It also seems that, for this same surface coatings, the lifetime of the surface defects is longer for the thicker specimens. This is due to the fact that the surface defects impose substantially higher distortion energies on the thin specimens than for the thicker specimens.
Thus the behavior illustrated in FIG. 10a is very similar to a purely bistable device, in FIG. 10b the surface defects are less stable and the optical contrast decreases after a maximum and, in FIG. 10c, the surface defects disappear after 0.5 s.
FIG. 11 shows the intensity of transmitted light as a function of time, for a specimen having a thickness of 5 μm when the strength of the write pulse is less than the threshold required to form the surface defects, but sufficient to initiate breaking of the quasi-bistable anchoring. FIG. 11 corresponds to one 150 μs negative pulse with a strength of 45 volts. The maximum in the optical contrast for this transient optical effect is about 60:1 and the light is transmitted with a high intensity for more than 50 ms. Such a transient effect can be used, for example, to produce multiplexed displays on a video apparatus. This is because, in this case, the required persistence time for the bright pixel is about a few tens of milliseconds. Of course, it is clearly apparent that in this case no erasing pulse is required since the phenomenon involved is transient.
The inventors have also measured the dynamics of the electrical response obtained. To do this, square electrical pulses of amplitude V and duration τV were used. The threshold required to completely write all the defects with the saturation density Vs(τ) was measured. The results obtained are plotted in FIG. 12.
The voltage threshold of opposite polarity necessary for complete erasure of the pixel was also measured. The results obtained are very similar to those required for the writing and are illustrated in FIG. 12.
In order to test the erasure mechanism, the inventors also used alternating pulses of zero average value and the same amplitude and duration. With such an alternating pulse, the inventors have obtained erasure comparable to that resulting from pulses of defined polarity but with slight changes in amplitude. This observation demonstrates that the erasure process is a purely dielectric process, with no relation to the ions.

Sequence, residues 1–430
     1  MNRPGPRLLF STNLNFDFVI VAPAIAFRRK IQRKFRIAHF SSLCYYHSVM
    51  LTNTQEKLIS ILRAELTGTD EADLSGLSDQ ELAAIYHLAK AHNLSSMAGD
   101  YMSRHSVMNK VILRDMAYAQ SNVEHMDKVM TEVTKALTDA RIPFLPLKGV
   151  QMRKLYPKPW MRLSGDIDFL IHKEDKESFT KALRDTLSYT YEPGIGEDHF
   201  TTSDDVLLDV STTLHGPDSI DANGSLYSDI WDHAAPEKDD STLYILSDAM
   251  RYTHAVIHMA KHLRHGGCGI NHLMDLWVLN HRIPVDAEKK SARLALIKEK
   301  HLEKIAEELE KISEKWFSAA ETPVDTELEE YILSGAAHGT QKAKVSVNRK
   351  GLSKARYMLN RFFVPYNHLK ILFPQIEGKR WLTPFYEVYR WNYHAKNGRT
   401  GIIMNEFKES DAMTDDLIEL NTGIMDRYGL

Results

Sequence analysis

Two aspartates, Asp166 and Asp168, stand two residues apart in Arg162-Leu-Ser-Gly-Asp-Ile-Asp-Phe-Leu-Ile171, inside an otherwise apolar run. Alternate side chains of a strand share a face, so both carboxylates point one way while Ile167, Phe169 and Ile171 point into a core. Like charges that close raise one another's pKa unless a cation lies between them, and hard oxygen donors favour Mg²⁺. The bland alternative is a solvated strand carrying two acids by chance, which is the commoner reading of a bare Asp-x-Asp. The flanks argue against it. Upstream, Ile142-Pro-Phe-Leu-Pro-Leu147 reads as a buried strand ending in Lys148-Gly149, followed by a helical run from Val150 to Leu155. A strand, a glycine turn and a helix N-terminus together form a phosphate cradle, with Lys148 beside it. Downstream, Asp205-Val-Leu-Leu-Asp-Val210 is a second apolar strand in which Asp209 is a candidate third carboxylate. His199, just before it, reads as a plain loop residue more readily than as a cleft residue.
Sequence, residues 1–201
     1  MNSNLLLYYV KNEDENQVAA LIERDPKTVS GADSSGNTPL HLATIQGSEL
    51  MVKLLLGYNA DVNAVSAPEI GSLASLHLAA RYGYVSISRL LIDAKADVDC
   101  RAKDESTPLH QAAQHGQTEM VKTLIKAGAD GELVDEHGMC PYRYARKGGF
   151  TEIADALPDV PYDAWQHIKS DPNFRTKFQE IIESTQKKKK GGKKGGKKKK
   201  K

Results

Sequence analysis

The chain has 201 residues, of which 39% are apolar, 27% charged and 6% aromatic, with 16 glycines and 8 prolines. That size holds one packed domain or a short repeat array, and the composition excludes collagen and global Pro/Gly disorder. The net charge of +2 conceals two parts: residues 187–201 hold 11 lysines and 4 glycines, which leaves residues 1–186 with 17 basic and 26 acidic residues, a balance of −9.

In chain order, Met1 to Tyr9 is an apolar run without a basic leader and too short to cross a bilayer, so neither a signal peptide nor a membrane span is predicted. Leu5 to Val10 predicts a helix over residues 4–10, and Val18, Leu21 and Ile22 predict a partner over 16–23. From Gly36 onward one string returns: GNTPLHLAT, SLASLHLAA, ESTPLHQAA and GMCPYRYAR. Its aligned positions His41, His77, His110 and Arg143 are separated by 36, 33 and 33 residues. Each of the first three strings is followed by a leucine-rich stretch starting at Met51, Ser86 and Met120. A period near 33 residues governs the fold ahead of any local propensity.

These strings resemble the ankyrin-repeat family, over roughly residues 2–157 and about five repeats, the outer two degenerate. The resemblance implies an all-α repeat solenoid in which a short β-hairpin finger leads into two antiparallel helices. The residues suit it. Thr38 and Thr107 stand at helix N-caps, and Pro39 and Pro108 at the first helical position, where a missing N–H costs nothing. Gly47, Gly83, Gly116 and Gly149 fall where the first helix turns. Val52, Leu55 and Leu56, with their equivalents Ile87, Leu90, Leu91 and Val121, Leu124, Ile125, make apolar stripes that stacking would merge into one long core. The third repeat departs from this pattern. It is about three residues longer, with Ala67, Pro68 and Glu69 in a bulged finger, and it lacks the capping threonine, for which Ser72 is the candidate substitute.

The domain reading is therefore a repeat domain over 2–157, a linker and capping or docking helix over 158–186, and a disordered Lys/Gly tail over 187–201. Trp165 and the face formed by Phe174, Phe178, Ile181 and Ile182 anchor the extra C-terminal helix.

Under the conditions of the experiment, the inventors have observed that the Felici threshold was 15 volts for a 4 μm specimen.
The writing and erasing voltages are about 50 volts for 50 μs, in the video regime. They may be reduced by using a thinner specimen since the surface breaking threshold is well above the Felici threshold. Increasing the injected current makes it possible to reduce V at a constant thickness, as indicated previously.
It is also possible to reduce the Felici threshold by appropriate treatment of the electrodes. To do this, the current-injection electrodes may be produced, for example, not in a uniform form but in the form of electrically conductive and nonconductive bands with a period which, compared to the size of the defects and to the thickness of the cell, favor the formation of ion agglomerates in the cell and consequently reduce the Felici threshold. In practical terms, this may be achieved by rubbing the coating surface forming the electrode.
Insofar as the observed surface transitions are subjected to well-defined thresholds, the display device in accordance with the present invention allows multiplexing-type control.
The inventors have also made the following observations which justify the model presented above.
When a specimen is subjected to a series of rapid electrical pulses, with an amplitude slightly less than the threshold required to form surface defects and with a sufficient frequency, electrodynamic instabilities are observed in the cell. This condition may be obtained, for example, by subjecting a specimen having a thickness of 8 μm to negative pulses (the same as those which create defects) with an amplitude of 44 volts, a length of 600 μs and a frequency of 18 Hz. The length of the pulse is chosen here to be longer than the case of the aforementioned surface switching in order to demonstrate the induced fluid movement.
The electrodynamic activity observed is due to the movement of ions in the cell. This hypothesis is proved by measuring the electric current in the liquid-crystal cell. FIG. 13 shows the typical shape of the current passing through a cell in the two cases of positive and negative pulses.
The positive pulse (which erases the surface defects) generates only a capacitor discharge current combined with a rapid dielectric reorientation peak, which is not visible in FIG. 13.
When the negative pulse (which creates the defects) is present, a slower second pulse, due to the injected ion current, appears.
This behavior indicates that most of the mobile ions present in the cell possess the same sign. Thus, only one pulse polarity induces electrodynamic instabilities, which are responsible for creating the surface defects. In the geometry described, the sign of the ion responsible for this phenomenon is negative. The ions may be due to natural molecular dissociation of the nematic material, which is used as pure as possible, since in such a case the same phenomenon will be observed for both pulse polarities. The source of negative ions is formed by the material used to ensure homeotropic alignment. In fact, DMOAP may inject Cl- negative ions into the nematic material or favor the injection of other negative ions, such as OH- for example. These ions are moved by the external electric field and electrodynamic convections are obtained when the Felici threshold is reached.